Rabat - American and other Western tourists are sometimes accused of Orientalism when they visit Morocco or other Eastern countries. But Chinese are from the Orient!
Rabat – American and other Western tourists are sometimes accused of Orientalism when they visit Morocco or other Eastern countries. But Chinese are from the Orient!
According to the UN Tourism Organization, China is now outspending the U.S in tourism. But there is nothing essentially political about it. China is already a digital and technological powerhouse. So it should not be surprising that its youth, and expanding middle class, thirsty for new experiences, especially overseas, want to revolutionize travelling, to set new rules.
As we convened last Monday after our first morning classes to talk about how our weekends had gone—nothing is more thrilling to groups of exchange students than the narration of their adventures in their host countries—an American friend, from New Mexico, explained how he’d fallen in love with Meknes over the weekend.
“It’s a small town,” he said, adding that although there was not much to visit and you could pretty much walk through the entire town in one day, “it was still a beautiful experience”. “It was beautiful, beautiful”, he stressed, before adding, in that American proclivity of repeating sentences: “I loved it! loved it!”
“What about you? How was your weekend?” We kept asking one another, like a pack of over-enthusiastic primary school students, triggered by the thought of knowing what the others’ worlds look like, what they’re doing when not at school, when not going about their “boring” home works.
“Awful. Awful. I mean Rabat is nice. I very much like it here. But the other day, I almost felt like being invaded by Chinese Tourists,” said another American friend as she explained, perhaps unaware of her somewhat hostile American reaction to China’s new-found global assertiveness, how a “flock of Chinese tourists had invaded” all the tourist places that she visited during that weekend.
“They were everywhere. Taking group pictures and acting as though they were the only ones around, as if saying ‘hey everyone, we are the new boys in town,’” she said, visibly still dismayed at “the Chinese invaders.”
And that’s where the new generation of Chinese travelers enters the picture.
In the spring festival, Chinese tourists, once a rare breathing kind at Moroccan resorts, became the prevailing group, the new dish du jour in Morocco’s never-ending thriving tourism. They filled hotels, outspent and out-shopped other nationalities. Most important of all, they sent pictures to relatives (or shared them on social media) to encourage friends and acquaintances at home to join them, perhaps next time, in the Chinese tourist fray in the Kingdom.
500,000 Chinese tourists a year not an unattainable goal
During the China-Morocco Tourism Forum held early February in Casablanca, Mohamed Sajid, Morocco’s Minister of tourism, Air Transport, and handicraft, said that the Kingdom wants to attract annually 500,000 tourists. Which, if you think about it, is not unattainable: China is unmentionably populous. Plus, people tend to travel when, as their life conditions improve, they yearn for new experiences, novel feelings. And China’s living standard has enormously improved in the past years.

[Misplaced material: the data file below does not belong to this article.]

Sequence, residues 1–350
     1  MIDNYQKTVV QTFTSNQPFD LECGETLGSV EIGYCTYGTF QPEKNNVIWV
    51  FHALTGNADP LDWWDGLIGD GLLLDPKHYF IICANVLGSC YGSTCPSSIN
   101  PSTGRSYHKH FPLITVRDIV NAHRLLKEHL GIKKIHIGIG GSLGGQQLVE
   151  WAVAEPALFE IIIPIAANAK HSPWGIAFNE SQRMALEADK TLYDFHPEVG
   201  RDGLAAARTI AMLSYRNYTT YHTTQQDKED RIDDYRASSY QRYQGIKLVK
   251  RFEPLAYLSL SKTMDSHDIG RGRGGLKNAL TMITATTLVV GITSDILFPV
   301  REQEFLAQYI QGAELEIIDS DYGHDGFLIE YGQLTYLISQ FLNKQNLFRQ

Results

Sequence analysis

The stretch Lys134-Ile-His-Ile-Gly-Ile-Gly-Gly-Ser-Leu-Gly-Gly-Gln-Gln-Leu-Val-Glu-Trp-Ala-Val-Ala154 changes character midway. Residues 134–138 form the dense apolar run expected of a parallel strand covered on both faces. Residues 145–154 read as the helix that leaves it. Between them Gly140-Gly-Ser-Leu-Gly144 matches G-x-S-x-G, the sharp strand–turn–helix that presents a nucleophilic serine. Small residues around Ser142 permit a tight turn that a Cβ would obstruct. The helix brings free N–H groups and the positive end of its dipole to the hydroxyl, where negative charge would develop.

The more money we make, the more we look for new ways of experiencing the world, new attachments—we take on the world, expand it. Given our digital generation, a generation that has ‘going places’ and adventures inscribed in its DNA, the tourist revolution China has recently engaged in, if you consider the country’s current global standing, is a much overdue development.
And Morocco, which decided, in June 2016, to exempt Chinese tourists from visa requirements, is already reaping huge benefits in terms of revenues and tourism-related works created, for the new Chinese global “invaders” are a generation of tourists for whom your ‘brand’ is determined by the number of places you’ve visited, the number of overseas adventures in your travel toolkit. Morocco, the number one tourism hub in Africa, naturally made the top of their list.
According to Chinese News Agency Xinhua, a flock of Chinese tourists visited Morocco during the Spring festival. In cities like Marrakech, Xinhua reported, “busses full of Chinese tourists could be found everywhere.” Two girls from Ningbo told Xinhua told the Chinese outlet that they chose Morocco as their Spring Festival travel destination to “taste the country’s unique Arabian flavor.”
They said they travelled for fifteen days around “classical destinations” like Casablanca, Marrakech, the Sahara, Fez, Chefchaouen, and Tangier. But, Xinhua adds, “in addition to the classic route that most people choose, Chinese tourists’ footprints also extend to Moroccan tourist cities such as Essaouira, Tetouan and Irfane.”
Chinese tourists have already done this in Asian countries. Now that they’re turning towards Morocco, so long as Moroccan tourism keeps meeting their expectations, Chinese tourists are set to be a game-changer: they can shift the center of gravity of Moroccan tourism, which has for decades been revolving around Americans and Europeans.
Only 5% of Chinese population are said to possess passports, a number the Chinese government has decided to increase in the coming years, especially by delivering 10 million new travel documents every year. Should that happen, and should Morocco still remain a leading touristic destination, the revolution that began this spring will be but a tiny little tree in the huge forest yet to come.